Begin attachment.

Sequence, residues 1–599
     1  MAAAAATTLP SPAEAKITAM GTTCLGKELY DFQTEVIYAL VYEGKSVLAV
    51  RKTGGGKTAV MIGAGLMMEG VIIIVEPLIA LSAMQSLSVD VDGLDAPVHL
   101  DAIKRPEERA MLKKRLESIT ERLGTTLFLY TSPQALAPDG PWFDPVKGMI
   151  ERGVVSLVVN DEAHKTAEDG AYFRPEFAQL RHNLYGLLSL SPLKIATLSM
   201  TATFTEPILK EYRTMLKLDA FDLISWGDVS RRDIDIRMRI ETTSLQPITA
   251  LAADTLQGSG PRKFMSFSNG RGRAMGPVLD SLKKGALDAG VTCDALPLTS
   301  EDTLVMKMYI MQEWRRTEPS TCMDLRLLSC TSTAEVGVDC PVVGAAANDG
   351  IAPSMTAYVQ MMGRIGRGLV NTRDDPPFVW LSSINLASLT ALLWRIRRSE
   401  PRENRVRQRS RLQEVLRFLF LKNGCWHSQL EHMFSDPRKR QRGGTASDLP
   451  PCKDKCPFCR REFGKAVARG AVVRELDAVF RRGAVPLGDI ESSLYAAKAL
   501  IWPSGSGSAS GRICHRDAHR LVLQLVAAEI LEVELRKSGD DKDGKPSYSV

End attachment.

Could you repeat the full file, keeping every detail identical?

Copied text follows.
Sequence, residues 1–599
     1  MAAAAATTLP SPAEAKITAM GTTCLGKELY DFQTEVIYAL VYEGKSVLAV
    51  RKTGGGKTAV MIGAGLMMEG VIIIVEPLIA LSAMQSLSVD VDGLDAPVHL
   101  DAIKRPEERA MLKKRLESIT ERLGTTLFLY TSPQALAPDG PWFDPVKGMI
   151  ERGVVSLVVN DEAHKTAEDG AYFRPEFAQL RHNLYGLLSL SPLKIATLSM
   201  TATFTEPILK EYRTMLKLDA FDLISWGDVS RRDIDIRMRI ETTSLQPITA
   251  LAADTLQGSG PRKFMSFSNG RGRAMGPVLD SLKKGALDAG VTCDALPLTS
   301  EDTLVMKMYI MQEWRRTEPS TCMDLRLLSC TSTAEVGVDC PVVGAAANDG
   351  IAPSMTAYVQ MMGRIGRGLV NTRDDPPFVW LSSINLASLT ALLWRIRRSE
   401  PRENRVRQRS RLQEVLRFLF LKNGCWHSQL EHMFSDPRKR QRGGTASDLP
   451  PCKDKCPFCR REFGKAVARG AVVRELDAVF RRGAVPLGDI ESSLYAAKAL
   501  IWPSGSGSAS GRICHRDAHR LVLQLVAAEI LEVELRKSGD DKDGKPSYSV